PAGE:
I hung in there through the dehydration and weirdness and embarrassment when my face went bright red in public. I bought a different mattress (cooling gel, ha ha, what a joke). I bought new pajamas with magical wicking properties (also, ha ha), and then new sheets with super-de-dooper breathable fabric (HA HA). I went to bed with an ice pack on my chest for months, and more on the floor by my bed, in a little cooler, for when the one on my chest absorbed my nuclear radioactive energy and went limp, like some kind of nightmarish, damp potato stuck to my skin. I set the air conditioner on frigid. Like an idiot, I was totally against the HRT thing, because, well, I didn’t want the cancer worry, and the stroke anxiety, and the failure of not being able to face this life change naturally. I was a badass. Remember? Everyone goes through this, I told myself. It’s a normal part of life.
Not sleeping for five weeks is not a natural part of life.
It’s a recipe for depression and worse things. Let’s be real about this, okay? If anyone tells you it’s normal, tell them to take a hike, preferably off of a cliff. Women should not have to suffer this ridiculousness while pretending that life is peachy, just because it’s always been this hideous for all the other women who have gone before us. At one point our species didn’t have clothing or fire or freaking aspirin, and we fixed those problems. Perimenopausal individuals should not walk around thinking any of this is okay.
Cue sobbing in my doctor’s office again because screw “natural menopause.” I needed potions and pills. I needed a new religion. I got gels, creams, and three different doses of estrogen patches to tackle an ever challenging jungle of hormone fluctuations.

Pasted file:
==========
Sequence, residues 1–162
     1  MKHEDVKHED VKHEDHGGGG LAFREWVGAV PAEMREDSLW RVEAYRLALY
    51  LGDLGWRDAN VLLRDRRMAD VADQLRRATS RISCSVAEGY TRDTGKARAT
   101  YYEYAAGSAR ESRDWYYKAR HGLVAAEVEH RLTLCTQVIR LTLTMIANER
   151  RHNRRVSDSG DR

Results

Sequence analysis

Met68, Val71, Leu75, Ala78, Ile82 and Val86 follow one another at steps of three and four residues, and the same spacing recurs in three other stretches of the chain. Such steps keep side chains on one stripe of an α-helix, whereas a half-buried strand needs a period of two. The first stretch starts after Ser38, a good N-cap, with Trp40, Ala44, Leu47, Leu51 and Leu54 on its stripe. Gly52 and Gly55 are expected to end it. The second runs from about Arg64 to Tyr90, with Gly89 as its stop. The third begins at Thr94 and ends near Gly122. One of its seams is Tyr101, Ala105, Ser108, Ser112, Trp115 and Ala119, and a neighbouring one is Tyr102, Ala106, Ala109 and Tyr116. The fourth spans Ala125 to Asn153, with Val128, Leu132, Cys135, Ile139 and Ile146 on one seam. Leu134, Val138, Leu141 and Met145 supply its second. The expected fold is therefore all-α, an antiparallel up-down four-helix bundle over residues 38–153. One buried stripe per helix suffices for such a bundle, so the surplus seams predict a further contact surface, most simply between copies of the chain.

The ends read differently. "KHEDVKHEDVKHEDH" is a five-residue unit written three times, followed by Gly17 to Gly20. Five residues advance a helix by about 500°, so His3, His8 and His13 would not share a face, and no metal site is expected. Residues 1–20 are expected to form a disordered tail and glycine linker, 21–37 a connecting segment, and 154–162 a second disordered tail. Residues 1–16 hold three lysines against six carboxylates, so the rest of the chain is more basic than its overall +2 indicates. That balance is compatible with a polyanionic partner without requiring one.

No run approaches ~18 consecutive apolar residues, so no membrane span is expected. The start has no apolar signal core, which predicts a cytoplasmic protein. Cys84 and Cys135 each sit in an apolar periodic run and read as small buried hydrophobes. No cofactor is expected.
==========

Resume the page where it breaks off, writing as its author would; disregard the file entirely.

I’d like to say that this story has a happy ending, but like most things in life, it’s normal to not have closure. It’s been three years. Things are not perfectly stable, but I’m also no longer personifying my left ovary, so I’m counting that as a win of sorts. I sleep enough. Sometimes. And sometimes I don’t because the hot flashes break through my hormone replacement and I’ll go a week or more without sleep, which is just … ugh. There aren’t any really great treatments for this, because modern medicine hasn’t taken this situation seriously. Menopausal symptoms and their management is considered a new field. There simply aren’t a lot of options. Black cohosh supplements only get you so far (approximately four to six months, in my personal experience).
Going through natural perimenopause is just like everything else in life: it’s easy for some people, and not so easy for others. So, be nice to yourself. If that means you need chemical help to keep you from scooping out your brains with a spoon because you’re desperate for sleep, then that’s okay, because it’s okay to ask for help.
It’s okay to be human.
Maybe it’s time for us to cut women a break and listen to their struggles when they speak up. We should let women speak about their pain, instead of expecting them to just tough it out, or worse, not believing the scope of it. It’s not all in our heads. Women deserve support, not disbelief. Debilitating hot flashes exist, the same way erectile dysfunction exists. Perimenopause isn’t always simple or easy. Women deserve treatment, not derision. And anyone who thinks I’m wrong or weak or somehow failing as a woman can pry my estrogen from my hot-flashed, sweaty, determined hands.
Good luck with that.
Disclaimer: I’m not a doctor. Please go to your doctor and get help if you need it. We owe it to ourselves to do this, and yes, I know how hard it is. Do it anyway.